About fifteen kilometers South of Ulaanbaatar, across the wide-pine forests of Bogd Khan, lies the Manzushir Temple – what used to house three hundred Buddhist monks. When the Soviet Union turned Mongolia into a communist satellite state, the ideological ardor of Stalinist purges swept the nation, taking along with it institutional Buddhism, the lives of many practicing monks, and their temples.
In my brief tenure of six months in Mongolia, I’ve visited Manzushir on several occasions but had my time cut short for a number of reasons: once I got lost on the hike over and returned to UB after spending a day and a half wandering the forest, and the other was reined in by a raging hangover. This time the stark contrast of snowy hills to the open green steppe froze my jeans around the cuff as temperatures soared to -10C.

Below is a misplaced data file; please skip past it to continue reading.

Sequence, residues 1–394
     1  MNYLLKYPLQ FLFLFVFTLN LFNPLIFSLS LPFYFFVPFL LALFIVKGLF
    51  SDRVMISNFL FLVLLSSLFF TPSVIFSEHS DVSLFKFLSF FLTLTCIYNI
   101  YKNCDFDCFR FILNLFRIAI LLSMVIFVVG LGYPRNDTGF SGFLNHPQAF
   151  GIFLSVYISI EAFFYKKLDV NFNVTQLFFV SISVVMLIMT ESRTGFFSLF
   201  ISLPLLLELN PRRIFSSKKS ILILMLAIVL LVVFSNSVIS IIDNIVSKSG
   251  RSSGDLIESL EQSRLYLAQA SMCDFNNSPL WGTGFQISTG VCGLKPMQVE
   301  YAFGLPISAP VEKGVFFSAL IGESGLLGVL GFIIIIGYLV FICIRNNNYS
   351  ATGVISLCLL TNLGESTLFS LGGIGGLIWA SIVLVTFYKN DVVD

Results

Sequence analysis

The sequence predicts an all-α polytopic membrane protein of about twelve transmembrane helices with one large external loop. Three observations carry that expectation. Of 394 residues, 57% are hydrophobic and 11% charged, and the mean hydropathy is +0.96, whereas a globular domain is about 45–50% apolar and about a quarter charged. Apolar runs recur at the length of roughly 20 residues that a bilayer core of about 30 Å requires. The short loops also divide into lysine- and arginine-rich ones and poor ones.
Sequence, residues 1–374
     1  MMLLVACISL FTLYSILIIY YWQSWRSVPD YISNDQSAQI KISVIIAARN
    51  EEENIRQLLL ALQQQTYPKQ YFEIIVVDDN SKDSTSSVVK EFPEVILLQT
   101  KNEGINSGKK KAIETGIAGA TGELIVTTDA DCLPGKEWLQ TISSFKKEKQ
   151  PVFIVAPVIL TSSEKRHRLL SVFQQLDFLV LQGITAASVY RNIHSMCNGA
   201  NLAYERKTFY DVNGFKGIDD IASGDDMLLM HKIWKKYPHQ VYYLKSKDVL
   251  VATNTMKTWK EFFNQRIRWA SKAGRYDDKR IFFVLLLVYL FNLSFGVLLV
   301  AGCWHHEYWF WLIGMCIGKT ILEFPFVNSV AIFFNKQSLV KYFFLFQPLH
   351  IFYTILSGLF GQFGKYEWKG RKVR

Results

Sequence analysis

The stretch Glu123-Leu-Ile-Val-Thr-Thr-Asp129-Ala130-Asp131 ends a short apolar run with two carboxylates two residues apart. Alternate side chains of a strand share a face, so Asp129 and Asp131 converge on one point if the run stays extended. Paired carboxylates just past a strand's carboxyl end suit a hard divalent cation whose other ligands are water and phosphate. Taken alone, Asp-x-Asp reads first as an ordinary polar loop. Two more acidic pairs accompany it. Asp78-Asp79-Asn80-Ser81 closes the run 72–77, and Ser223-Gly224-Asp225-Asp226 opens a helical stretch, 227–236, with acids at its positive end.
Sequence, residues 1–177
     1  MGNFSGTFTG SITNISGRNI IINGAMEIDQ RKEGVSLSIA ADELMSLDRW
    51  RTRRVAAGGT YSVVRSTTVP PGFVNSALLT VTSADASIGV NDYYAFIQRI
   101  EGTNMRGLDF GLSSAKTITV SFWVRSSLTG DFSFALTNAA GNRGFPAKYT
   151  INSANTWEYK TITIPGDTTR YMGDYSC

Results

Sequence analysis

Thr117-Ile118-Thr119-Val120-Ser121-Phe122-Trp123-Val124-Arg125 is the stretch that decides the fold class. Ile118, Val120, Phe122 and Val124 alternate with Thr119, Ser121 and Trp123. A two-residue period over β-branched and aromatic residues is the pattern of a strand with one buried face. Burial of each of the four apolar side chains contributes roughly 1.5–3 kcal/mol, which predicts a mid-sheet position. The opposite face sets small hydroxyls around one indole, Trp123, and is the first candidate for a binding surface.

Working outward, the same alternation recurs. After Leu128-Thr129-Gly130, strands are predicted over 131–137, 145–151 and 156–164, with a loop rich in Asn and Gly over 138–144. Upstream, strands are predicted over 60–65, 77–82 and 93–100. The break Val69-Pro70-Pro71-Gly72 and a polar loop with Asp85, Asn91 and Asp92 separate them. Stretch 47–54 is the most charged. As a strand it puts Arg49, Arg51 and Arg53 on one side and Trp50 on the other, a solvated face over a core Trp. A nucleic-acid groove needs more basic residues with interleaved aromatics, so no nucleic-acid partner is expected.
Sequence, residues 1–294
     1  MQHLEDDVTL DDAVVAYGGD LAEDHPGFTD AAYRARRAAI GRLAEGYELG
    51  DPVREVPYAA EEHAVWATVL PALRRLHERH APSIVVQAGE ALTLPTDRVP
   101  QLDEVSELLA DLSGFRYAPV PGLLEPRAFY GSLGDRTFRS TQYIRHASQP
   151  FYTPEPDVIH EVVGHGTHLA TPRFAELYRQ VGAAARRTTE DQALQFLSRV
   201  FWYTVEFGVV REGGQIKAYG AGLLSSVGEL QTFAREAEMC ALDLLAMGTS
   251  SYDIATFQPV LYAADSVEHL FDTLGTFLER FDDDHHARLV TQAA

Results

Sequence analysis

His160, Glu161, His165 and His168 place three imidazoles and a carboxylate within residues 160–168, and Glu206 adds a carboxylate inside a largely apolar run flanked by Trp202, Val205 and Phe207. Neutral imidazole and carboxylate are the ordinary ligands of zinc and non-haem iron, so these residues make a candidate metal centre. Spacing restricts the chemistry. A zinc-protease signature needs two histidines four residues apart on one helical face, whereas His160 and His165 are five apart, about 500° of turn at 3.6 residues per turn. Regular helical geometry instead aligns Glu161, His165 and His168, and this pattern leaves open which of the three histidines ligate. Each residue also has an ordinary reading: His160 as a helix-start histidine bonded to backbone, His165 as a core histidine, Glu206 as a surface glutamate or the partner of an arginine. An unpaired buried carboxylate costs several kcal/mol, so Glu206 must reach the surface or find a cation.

The first thing on our agenda was a short hike through the pistey valley peaks that enclosed the temple fringes. Up into the forest, around the the rock outcrops, and back down through the outlying mudbrick skeletons of politics gone awry. One of the coolest things that I saw was a gargantuan cauldron used to feed the monks back in the day – apparently you could boil a horse within its two tons of its caste-iron practicality.
We also took a short tour of one of the rebuilt temples and perused an old grainy photo collection, proof that the monastery had seen better days. Unfortunately the cold killed my phone battery about twenty minutes into the hike.